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Regulation of Guns - Conclusion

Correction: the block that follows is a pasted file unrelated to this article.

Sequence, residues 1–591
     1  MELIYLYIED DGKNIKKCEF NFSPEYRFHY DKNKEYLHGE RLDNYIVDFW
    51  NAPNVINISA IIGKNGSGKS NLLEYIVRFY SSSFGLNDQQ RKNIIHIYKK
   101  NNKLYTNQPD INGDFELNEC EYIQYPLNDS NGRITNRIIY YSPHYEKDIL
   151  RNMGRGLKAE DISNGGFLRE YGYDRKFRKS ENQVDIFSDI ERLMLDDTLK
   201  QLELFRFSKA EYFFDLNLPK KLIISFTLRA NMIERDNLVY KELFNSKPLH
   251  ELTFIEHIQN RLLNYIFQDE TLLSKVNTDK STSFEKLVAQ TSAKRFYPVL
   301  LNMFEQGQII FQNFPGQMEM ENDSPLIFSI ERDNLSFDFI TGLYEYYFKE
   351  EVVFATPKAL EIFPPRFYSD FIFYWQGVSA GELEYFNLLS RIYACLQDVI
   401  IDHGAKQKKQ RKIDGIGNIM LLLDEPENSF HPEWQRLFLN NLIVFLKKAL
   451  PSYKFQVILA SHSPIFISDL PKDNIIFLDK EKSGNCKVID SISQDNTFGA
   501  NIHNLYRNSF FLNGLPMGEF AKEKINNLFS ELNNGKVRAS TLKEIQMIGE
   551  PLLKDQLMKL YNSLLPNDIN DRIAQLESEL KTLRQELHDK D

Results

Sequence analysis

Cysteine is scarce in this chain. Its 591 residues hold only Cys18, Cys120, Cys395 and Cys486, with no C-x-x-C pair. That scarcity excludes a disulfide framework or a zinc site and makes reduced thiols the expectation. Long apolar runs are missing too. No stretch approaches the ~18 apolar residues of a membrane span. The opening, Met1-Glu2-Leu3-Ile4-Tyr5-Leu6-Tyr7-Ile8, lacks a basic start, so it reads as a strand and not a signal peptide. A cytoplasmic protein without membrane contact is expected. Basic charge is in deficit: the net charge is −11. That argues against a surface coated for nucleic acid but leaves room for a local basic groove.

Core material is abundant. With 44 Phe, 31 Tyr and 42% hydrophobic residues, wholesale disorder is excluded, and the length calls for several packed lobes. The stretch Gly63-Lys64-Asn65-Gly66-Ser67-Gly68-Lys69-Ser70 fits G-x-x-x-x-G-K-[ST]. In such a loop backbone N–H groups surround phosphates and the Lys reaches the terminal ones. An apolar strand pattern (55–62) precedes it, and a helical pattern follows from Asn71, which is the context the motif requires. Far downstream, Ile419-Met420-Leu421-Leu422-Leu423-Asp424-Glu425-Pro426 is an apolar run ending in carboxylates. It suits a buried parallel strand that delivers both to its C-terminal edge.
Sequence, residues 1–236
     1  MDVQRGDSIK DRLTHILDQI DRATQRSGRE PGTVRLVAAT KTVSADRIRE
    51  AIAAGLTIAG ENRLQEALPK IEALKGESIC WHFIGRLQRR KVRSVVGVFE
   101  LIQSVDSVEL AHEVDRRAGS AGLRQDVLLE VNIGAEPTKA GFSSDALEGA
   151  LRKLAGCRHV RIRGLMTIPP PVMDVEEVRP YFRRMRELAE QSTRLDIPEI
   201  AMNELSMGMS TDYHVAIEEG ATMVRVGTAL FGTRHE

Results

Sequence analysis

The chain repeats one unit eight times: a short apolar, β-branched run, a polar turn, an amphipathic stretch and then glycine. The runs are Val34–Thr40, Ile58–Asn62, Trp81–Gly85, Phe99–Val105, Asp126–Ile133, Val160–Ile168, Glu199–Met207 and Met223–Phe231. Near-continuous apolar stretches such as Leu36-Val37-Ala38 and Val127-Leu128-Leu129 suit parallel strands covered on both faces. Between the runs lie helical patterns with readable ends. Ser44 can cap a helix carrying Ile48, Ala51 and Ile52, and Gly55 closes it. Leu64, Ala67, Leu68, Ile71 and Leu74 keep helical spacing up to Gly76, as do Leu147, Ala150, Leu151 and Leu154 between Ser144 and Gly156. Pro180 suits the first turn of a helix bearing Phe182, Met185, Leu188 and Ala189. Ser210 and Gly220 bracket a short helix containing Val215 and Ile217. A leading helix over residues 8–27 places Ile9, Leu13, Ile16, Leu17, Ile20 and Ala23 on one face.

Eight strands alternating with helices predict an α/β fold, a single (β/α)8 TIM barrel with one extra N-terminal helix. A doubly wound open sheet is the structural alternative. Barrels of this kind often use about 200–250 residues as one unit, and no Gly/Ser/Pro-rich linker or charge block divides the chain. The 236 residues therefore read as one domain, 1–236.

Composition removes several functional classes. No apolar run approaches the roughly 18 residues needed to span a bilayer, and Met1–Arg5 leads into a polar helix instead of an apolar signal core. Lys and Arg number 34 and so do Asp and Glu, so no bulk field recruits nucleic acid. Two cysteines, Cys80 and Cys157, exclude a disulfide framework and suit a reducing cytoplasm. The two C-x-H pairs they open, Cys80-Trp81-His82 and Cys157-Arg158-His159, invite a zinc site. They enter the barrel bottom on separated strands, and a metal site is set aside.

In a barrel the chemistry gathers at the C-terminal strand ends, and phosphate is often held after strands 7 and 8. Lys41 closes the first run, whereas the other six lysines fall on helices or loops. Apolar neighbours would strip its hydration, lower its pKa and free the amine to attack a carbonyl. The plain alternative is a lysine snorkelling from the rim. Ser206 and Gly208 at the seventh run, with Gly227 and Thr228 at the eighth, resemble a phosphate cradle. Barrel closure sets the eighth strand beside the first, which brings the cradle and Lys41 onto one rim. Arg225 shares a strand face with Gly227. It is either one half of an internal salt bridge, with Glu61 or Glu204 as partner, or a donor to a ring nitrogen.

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Gun control laws invite two questions. First, how do firearms laws affect the distribution of guns in a given population; second, how does the pattern of firearms dispersion in that population affect its likelihood of engaging in crime. It must be said that there is relatively little evidence in the United States for the proposition that laws can effectively get people to give up guns they already own or to refrain from acquiring new weapons. The relationship between firearms dispersion, crime, and violence is difficult to sort out. While criminals often use guns to commit crimes, seek firearms for this purpose, and probably commit a different number and kind of crime when they have guns than when they do not, it is undeniably also true that guns are effective in the same applications for which police officers use them—deterring aggression. One should expect to see guns where one sees criminals, but also where honest people are fearful of criminals. There is little persuasive evidence in favor of gun control as a crime reduction technique and some probability that, in some circumstances, additional regulation might have a perverse effect.

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